Many of them, particularly the younger ones, spoke fondly of their mothers, but none of them ever mentioned their fathers.
The Bigger Picture
The United States has the largest number of prisoners in the world. At Prison Policy Initiative, Wendy Sawyer and Peter Wagner report that 2.3 million Americans are imprisoned in various facilities throughout the United States. The statistics they cite offer some surprises, such as the fact that over 500,000 men and women occupy jail cells at any given time because they are too poor to make bail.
The good news is that incarceration rates, like crime rates, are falling in our country. Recently passed into law by our Congress and president, the First Step Act may help reduce these numbers even further and provide some training programs and other assistance to those leaving prison.
Such programs will help, but in the long run, fixing our failed schools and our broken families and reviving moral principles in our people will matter most. A man raised in poverty without a male model to emulate who can barely read and who has never learned a trade has little chance for success in this world. Forty percent of babies today are born outside of wedlock, and an article in U.S. News & World Report tells us that the 2019 National Assessment Education Project found that reading and math scores, never all that high, again fell this year.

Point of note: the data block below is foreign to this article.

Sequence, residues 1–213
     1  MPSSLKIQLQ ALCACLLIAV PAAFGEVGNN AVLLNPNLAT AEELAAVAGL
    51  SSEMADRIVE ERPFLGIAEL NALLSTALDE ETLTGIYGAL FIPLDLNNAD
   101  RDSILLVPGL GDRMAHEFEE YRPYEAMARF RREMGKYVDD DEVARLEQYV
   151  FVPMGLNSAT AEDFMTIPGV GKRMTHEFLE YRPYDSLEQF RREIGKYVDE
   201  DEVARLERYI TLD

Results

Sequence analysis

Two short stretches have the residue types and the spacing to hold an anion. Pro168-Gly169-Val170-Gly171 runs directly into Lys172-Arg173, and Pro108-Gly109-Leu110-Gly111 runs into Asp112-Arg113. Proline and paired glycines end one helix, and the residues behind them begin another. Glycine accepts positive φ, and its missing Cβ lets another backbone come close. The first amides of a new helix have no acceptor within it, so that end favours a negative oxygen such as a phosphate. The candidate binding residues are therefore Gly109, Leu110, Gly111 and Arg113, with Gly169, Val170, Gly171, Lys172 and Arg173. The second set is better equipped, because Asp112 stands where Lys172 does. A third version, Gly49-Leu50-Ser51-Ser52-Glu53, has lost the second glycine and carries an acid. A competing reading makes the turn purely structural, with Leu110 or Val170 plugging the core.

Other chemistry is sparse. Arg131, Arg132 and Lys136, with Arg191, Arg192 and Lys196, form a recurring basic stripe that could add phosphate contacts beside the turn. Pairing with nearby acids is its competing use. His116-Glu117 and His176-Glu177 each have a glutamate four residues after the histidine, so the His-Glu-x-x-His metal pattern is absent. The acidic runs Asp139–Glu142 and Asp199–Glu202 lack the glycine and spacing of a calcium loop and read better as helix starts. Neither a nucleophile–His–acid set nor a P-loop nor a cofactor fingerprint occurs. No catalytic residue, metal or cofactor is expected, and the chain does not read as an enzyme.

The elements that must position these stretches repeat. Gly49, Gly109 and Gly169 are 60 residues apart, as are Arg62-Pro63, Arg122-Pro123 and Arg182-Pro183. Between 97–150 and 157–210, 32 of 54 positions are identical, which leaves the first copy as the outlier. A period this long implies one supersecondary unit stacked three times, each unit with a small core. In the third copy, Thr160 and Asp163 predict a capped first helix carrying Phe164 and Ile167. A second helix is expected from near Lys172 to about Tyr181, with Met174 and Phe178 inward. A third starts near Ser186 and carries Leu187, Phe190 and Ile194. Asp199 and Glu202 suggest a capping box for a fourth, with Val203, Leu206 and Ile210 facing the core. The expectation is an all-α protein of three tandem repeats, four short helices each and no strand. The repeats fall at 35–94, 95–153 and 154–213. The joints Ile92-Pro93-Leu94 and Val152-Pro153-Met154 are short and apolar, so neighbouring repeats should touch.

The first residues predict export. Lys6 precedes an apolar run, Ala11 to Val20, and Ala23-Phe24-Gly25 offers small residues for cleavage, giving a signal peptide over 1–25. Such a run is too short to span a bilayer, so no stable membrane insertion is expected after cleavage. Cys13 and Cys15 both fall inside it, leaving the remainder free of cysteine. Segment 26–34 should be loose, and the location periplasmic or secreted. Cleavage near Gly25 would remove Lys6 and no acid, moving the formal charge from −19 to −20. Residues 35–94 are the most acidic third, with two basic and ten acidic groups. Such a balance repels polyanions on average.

The resurrection of the traditional family, improving our schools, and teaching virtue in any number of forums are the best antidotes against incarceration.
The Hazelwood prison is closed now, and the inmates I taught there are now 30 years older, or dead. But they live on in my memory, and I hope some of them, like Mike, left that place, became better men, caught a break, and made their way in the world.
Jeff Minick has four children and a growing platoon of grandchildren. For 20 years, he taught history, literature, and Latin to seminars of homeschooling students in Asheville, N.C., Today, he lives and writes in Front Royal, Va. See JeffMinick.com to follow his blog.